Research Article  |   November 2010
Evidence-Based Systematic Review: Effects of Oral Motor Interventions on Feeding and Swallowing in Preterm Infants
 
Author Affiliations & Notes
  • Joan Arvedson
    Children’s Hospital of Wisconsin and Medical College of Wisconsin, Milwaukee
  • Heather Clark
    Appalachian State University, Boone, NC
  • Cathy Lazarus
    NYU Langone Medical Center, New York, NY
  • Tobi Frymark
    American Speech-Language-Hearing Association, Rockville, MD
  • Disclosure Statement
    Disclosure Statement×
    This systematic review was conducted under the auspices of the American Speech-Language-Hearing Association; however, this is not an official position statement of the Association.
    This systematic review was conducted under the auspices of the American Speech-Language-Hearing Association; however, this is not an official position statement of the Association.×
  • Contact author: Tracy Schooling, National Center for Evidence-Based Practice in Communication Disorders, American Speech-Language-Hearing Association, 2200 Research Boulevard #245, Rockville, MD 20850-3289. E-mail: tschooling@asha.org.
  • © 2010 American Speech-Language-Hearing AssociationAmerican Speech-Language-Hearing Association
Article Information
Swallowing, Dysphagia & Feeding Disorders / Research Issues, Methods & Evidence-Based Practice / Research Article
Research Article   |   November 2010
Evidence-Based Systematic Review: Effects of Oral Motor Interventions on Feeding and Swallowing in Preterm Infants
American Journal of Speech-Language Pathology, November 2010, Vol. 19, 321-340. doi:10.1044/1058-0360(2010/09-0067)
History: Received July 27, 2009 , Revised January 13, 2010 , Accepted July 6, 2010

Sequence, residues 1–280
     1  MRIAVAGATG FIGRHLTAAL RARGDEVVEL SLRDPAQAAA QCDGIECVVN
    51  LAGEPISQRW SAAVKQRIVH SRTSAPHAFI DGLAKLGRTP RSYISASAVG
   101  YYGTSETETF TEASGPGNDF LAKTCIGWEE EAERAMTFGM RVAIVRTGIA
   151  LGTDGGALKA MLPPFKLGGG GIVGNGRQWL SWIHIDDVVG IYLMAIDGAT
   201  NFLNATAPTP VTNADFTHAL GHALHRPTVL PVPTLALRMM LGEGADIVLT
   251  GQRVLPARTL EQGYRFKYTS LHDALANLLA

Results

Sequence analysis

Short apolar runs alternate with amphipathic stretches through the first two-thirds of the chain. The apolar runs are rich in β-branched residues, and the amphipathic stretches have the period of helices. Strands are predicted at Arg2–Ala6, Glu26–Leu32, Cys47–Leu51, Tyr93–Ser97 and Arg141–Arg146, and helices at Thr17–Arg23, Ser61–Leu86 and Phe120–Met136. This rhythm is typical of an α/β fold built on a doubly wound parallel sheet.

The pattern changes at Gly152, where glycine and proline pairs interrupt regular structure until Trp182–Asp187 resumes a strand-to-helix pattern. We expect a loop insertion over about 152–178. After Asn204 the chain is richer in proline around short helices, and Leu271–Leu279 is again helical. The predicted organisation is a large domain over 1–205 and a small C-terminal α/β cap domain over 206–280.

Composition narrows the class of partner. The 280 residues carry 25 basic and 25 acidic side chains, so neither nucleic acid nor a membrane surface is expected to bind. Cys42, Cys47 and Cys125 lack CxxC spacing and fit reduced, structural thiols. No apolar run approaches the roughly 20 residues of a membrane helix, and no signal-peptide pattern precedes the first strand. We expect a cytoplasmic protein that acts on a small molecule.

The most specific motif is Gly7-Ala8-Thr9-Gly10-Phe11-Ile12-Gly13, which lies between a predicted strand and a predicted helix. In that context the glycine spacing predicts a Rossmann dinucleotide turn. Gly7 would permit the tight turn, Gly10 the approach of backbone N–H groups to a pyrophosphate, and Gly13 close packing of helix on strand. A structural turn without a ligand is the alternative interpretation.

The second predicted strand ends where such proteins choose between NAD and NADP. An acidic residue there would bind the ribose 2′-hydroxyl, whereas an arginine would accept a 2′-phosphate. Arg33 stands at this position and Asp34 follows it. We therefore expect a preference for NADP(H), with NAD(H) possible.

American Journal of Speech-Language Pathology, November 2010, Vol. 19, 321-340. doi:10.1044/1058-0360(2010/09-0067)
History: Received July 27, 2009; Revised January 13, 2010; Accepted July 6, 2010
Web of Science® Times Cited: 17

Purpose: To conduct an evidence-based systematic review and provide an estimate of the effects of oral motor interventions (OMIs) on feeding/swallowing outcomes (both physiological and functional) and pulmonary health in preterm infants.

Method: A systematic search of the literature published from 1960 to 2007 was conducted. Articles meeting the selection criteria were appraised by 2 reviewers and vetted by a 3rd for methodological quality.

Results: Twelve studies were included and focused on 3 OMIs—nonnutritive sucking (NNS), oral/perioral stimulation, and NNS plus oral/perioral stimulation. Six studies addressed the effects of OMI on the feeding/swallowing physiology outcomes of feeding efficiency or sucking pressures. Ten studies addressed the functional feeding/swallowing outcomes of oral feeding or weight gain/growth. No studies reported data on pulmonary health. Methodological quality varied greatly. NNS alone and with oral/perioral stimulation showed strong positive findings for improvement in some feeding/swallowing physiology variables and for reducing transition time to oral feeding. Prefeeding stimulation showed equivocal results across the targeted outcomes. None of the OMIs provided consistent positive results on weight gain/growth.

Conclusions: Although some OMIs show promise for enhancing feeding/swallowing in preterm infants, methodological limitations and variations in results across studies warrant careful consideration of their clinical use.

Acknowledgments
This evidence-based review was supported by the American Speech-Language-Hearing Association’s National Center for Evidence-Based Practice in Communication Disorders (N-CEP). We thank the following individuals who participated in the evidence panel to review the state of the evidence on oral motor interventions: Dr. Rebecca McCauley, Dr. Edythe Strand, and Dr. Gregory Lof. We also thank the following individuals who contributed to the preparation of this document: Beverly Wang, N-CEP Information Manager; Hillary Leech, N-CEP Research Assistant; and Rob Mullen, N-CEP Director.
Order a Subscription
Pay Per View
Entire American Journal of Speech-Language Pathology content & archive
24-hour access
This Article
24-hour access